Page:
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  • Clexane (Enoxaparin)

    Hi All,

    I've just started a hospital placement this week, today was my first day on a ward with a Pharmacist: a lot of the patients, particularly the elderly and the surgical wards were being prescribed Clexane prophylatically - apparently most patients who are admitted for more than a few days are prescribed this for 'protection' against the development of clots. I wanted to know is this a common thing or is it just special to the Trust I am working in? Any information on this would be great, as I've never come across this drug before.

    Laura
    wake up and smell the 1,3,7-trimethyl-1H-purine-2,6(3H,7H)-dione

  • #2
    Re: Clexane (Enoxaparin)

    It's a common thing. Here everyone gets it.
    Some patients do not tolerate heparin, they devellop a HAT or HIT. For those Argatroban can be used for example.
    Some have renal problems and better get adjustable unfractionated heparin.
    Last edited by johannes; 11, June 2008, 08:28 PM.

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    • #3
      Re: Clexane (Enoxaparin)

      Clexane, Fragmin and Innohep are all low molecular weight heparins which have a very long half life compared to standard heparin. heparin has to be given continously IV and therefore means pt has to be admitted, whereas LMW heps can be given SC and even self administerd. Also reduced is the risk associated with IV such as MRSA etc.
      johnep

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      • #4
        Re: Clexane (Enoxaparin)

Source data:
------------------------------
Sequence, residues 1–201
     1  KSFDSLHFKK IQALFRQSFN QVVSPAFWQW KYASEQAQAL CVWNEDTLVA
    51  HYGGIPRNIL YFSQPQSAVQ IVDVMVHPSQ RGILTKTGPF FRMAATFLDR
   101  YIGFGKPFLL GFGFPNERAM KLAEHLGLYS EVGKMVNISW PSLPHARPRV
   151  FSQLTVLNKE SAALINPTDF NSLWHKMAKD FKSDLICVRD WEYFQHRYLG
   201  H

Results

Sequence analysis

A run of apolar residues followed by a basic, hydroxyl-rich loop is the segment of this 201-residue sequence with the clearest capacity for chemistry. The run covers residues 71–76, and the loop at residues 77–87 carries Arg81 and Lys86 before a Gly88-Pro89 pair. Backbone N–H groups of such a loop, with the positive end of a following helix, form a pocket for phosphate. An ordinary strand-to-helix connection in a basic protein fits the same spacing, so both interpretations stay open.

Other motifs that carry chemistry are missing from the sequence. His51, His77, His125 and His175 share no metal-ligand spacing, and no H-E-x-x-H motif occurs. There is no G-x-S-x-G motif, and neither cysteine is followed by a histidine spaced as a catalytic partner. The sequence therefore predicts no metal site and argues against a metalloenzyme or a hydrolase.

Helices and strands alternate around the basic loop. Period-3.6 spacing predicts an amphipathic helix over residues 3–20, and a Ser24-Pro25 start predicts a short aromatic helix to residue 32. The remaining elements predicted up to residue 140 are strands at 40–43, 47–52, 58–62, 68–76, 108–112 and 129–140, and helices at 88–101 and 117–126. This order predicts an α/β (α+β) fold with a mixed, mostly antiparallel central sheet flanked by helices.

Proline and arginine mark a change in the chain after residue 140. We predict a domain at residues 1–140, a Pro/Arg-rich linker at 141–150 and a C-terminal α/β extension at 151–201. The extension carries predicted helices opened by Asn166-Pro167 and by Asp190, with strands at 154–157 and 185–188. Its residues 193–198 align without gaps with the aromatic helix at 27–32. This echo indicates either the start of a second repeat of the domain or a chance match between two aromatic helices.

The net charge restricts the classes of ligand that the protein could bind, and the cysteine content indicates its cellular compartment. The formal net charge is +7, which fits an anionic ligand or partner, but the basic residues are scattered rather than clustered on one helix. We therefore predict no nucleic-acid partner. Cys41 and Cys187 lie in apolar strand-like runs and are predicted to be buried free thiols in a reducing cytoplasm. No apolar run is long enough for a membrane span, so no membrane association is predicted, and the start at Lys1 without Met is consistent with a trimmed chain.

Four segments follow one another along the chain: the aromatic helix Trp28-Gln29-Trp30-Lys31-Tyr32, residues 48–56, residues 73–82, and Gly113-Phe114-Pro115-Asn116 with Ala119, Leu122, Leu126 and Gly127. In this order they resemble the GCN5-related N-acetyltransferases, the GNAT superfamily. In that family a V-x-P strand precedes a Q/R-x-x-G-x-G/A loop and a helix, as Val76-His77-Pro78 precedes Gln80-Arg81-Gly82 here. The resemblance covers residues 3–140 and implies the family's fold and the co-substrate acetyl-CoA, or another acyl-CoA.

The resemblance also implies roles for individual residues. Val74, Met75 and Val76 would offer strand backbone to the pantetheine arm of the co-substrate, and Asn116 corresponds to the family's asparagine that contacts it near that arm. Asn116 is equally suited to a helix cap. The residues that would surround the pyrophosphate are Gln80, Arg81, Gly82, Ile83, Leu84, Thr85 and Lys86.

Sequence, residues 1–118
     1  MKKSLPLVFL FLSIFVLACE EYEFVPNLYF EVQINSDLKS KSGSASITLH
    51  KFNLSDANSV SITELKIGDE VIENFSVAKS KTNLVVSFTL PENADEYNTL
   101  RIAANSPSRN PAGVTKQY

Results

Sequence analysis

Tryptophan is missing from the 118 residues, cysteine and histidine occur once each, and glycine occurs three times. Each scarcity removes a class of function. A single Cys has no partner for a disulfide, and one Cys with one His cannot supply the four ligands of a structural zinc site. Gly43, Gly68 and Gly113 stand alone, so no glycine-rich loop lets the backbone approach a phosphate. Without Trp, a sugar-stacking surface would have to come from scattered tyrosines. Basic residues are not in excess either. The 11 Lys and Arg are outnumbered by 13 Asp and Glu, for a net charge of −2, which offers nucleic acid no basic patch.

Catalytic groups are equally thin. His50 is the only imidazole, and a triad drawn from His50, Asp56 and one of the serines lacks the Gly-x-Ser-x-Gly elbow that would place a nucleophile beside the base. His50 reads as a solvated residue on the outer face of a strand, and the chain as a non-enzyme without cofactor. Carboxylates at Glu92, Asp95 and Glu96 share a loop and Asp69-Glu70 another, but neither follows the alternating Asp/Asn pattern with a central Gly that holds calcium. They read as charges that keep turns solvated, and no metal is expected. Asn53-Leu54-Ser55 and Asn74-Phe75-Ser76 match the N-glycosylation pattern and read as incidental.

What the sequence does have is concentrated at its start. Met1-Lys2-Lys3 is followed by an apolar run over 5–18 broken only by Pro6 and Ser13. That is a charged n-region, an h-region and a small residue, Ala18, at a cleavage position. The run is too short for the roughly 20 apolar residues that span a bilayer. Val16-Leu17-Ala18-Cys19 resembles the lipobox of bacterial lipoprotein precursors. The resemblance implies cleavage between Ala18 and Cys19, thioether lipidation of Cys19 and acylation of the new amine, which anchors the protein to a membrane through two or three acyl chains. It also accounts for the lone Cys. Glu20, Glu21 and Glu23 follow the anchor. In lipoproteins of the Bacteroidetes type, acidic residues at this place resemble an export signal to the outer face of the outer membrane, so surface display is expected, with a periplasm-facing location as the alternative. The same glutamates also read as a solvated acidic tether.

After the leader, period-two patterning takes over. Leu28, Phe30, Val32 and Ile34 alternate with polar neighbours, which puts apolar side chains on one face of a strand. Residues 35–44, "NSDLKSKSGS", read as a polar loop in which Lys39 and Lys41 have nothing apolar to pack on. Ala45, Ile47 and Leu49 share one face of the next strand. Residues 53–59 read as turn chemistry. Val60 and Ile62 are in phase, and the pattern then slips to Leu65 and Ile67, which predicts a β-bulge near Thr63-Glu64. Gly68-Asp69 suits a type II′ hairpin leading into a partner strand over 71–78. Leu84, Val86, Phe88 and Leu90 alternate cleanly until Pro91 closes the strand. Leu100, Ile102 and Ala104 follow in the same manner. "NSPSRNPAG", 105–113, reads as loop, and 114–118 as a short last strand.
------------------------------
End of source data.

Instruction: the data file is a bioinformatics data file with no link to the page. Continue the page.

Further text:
The LMWH have predictable pharmacokinetics, therefore you can dose according to weight. When I did my hospital experience they had tables everywhere with what dose of fragmin to use for which weight.

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        • #5
          Re: Clexane (Enoxaparin)

          Hi!

          Thanks thats great - this is my first hospital placement, so I've never come across this before.

          Laura
          wake up and smell the 1,3,7-trimethyl-1H-purine-2,6(3H,7H)-dione

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          • #6
            Re: Clexane (Enoxaparin)

            Hi just wondering if anyone had come across an orally administered dosage form of enoxaprin recently. I received a prescription while working locum one sunday writter for enoxapam. I asked around but no other pharmacists I know had ever dispensed a product of that name but one pharmacist told me she thought she had seen an advetisement in MIMMS(Ireland) recently. Anyone heard of a product by that name then?